Mrs. Ola Walker
"Try to put your treasure into your head, once it is there nobody can take it away from you."
Segregation era newspaperman William Gordon, Sr. died before he could finish his autobiography, New Man Down South. His grandson (and namesake) finished it for him —BEAUTIFUL book! pic.twitter.com/pKI9qaBbMr— Tananarive Due - VOTE & BOO (@TananariveDue) October 27, 2018
"Started reading and could not stop! It’s beautiful and beautifully done!"
M. Alexis Scott
Journalist and Publisher
Read or post a review on New Man Down South on the title's Goodreads page.
New Man Down South is a 284 page, leather-bound hardcover book, 7" x 9" uniquely designed to be an aesthetically beautiful "autobiographical archive," displaying Bill Lee's innovative concept of narrative book design.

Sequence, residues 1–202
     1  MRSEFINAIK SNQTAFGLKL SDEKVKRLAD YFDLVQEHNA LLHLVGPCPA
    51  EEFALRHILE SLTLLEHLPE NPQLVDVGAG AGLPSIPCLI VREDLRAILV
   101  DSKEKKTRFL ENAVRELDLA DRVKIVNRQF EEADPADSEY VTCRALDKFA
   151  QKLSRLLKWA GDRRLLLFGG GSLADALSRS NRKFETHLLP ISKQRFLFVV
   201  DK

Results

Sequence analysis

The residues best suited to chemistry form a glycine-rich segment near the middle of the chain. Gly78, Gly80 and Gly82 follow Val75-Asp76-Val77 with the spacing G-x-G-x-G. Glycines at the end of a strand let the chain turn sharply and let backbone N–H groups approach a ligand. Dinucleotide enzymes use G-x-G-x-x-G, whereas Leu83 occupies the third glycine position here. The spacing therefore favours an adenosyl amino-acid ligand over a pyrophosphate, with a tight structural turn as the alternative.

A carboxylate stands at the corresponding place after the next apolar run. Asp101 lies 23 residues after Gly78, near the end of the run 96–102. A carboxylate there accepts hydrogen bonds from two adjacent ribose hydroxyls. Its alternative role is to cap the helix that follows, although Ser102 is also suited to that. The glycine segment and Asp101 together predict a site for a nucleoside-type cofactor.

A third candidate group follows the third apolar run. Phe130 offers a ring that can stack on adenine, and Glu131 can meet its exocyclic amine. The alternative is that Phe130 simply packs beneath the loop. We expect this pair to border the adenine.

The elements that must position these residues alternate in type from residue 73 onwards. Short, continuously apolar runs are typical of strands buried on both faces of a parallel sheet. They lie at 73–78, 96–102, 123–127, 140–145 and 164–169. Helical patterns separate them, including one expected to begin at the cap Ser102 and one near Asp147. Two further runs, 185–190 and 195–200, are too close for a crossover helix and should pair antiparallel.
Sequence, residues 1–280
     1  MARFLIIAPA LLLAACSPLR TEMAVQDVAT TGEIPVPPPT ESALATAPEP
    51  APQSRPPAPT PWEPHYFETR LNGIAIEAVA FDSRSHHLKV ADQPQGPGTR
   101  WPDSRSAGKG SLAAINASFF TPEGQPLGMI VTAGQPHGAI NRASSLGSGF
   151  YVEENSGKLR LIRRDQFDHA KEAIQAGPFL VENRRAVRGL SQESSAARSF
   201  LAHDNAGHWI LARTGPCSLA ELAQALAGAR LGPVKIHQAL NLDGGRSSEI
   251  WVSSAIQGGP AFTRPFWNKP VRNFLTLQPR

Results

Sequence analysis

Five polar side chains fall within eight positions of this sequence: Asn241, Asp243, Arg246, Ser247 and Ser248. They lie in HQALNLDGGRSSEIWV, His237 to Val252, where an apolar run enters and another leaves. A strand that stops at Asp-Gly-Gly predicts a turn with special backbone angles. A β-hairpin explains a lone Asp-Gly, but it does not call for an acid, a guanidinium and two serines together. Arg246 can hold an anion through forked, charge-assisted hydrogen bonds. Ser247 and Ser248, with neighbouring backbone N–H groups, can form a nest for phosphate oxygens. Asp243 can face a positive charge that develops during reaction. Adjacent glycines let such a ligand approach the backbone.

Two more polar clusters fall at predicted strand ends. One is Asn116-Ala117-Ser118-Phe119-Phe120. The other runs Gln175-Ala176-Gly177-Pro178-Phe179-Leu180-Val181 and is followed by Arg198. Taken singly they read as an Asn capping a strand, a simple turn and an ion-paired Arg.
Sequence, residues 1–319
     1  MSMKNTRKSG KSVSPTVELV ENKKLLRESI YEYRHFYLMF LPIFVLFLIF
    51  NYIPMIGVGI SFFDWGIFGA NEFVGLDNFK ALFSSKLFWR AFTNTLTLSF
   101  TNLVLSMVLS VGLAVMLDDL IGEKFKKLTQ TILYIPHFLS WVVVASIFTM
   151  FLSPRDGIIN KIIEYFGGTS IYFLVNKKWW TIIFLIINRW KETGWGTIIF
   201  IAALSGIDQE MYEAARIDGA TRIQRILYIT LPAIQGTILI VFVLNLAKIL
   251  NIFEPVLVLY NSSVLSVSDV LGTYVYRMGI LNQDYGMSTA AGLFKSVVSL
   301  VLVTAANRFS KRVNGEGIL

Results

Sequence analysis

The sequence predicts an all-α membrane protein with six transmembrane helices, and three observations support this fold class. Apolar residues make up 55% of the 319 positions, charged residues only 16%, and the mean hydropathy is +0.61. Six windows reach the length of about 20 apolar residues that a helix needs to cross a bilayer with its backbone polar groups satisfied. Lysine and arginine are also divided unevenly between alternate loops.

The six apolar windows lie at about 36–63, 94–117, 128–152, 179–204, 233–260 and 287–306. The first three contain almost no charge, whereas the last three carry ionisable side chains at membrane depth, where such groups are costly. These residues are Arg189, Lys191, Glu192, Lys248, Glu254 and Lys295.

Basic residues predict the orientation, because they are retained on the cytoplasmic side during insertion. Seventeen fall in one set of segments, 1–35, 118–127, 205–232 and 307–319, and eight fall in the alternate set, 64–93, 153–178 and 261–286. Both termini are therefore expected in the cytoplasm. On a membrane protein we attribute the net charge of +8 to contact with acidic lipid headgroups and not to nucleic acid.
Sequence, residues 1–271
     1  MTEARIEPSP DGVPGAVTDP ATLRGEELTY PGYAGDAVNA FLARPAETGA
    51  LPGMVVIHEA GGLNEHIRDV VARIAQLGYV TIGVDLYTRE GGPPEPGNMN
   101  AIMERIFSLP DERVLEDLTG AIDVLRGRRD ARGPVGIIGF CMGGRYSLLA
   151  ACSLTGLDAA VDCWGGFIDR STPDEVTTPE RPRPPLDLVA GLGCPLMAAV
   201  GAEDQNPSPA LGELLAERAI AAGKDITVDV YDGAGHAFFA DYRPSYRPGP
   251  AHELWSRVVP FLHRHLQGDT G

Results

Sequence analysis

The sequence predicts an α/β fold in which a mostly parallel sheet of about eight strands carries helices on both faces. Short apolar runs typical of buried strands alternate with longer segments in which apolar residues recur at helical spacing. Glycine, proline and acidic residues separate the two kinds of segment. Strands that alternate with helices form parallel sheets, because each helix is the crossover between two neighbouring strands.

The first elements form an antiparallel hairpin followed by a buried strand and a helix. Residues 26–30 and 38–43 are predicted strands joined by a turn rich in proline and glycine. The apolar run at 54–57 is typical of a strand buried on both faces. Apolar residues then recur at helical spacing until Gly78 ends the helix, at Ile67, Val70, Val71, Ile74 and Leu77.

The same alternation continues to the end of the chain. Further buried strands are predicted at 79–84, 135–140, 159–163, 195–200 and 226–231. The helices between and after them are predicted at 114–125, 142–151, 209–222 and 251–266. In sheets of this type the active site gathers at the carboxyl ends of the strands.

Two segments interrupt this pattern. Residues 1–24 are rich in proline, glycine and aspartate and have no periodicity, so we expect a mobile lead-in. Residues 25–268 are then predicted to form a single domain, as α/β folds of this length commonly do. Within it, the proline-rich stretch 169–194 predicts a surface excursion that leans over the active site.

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During the course of his career, Gordon, Sr. worked for several renowned newspapers including the Memphis World, Tuskegee Institute's Service magazine, newspaper PM out of New York City, and the Atlanta Daily World. Below are some samples pages of these historic periodicals digitally reproduced from their microfilm collections.
On a scorching hot Saturday afternoon in July 1930, or possibly 1931, I left my family’s unpainted, four-room shack in the dusty, delta cotton fields of east Arkansas and headed for Memphis.
New Man Down South, Chapter 2: Treasure In My Head
I had been taught by my mother and my grandparents that my relatives had lived on Southern soil for almost three hundred years. Yet, I was the first to make it past the fourth grade.
New Man Down South, Chapter 4: Cast Down Your Bucket
In those days, just the jagged outline of Stone Mountain was a chilling reminder to stay in your place.
New Man Down South, Chapter 7: An Oasis In The South
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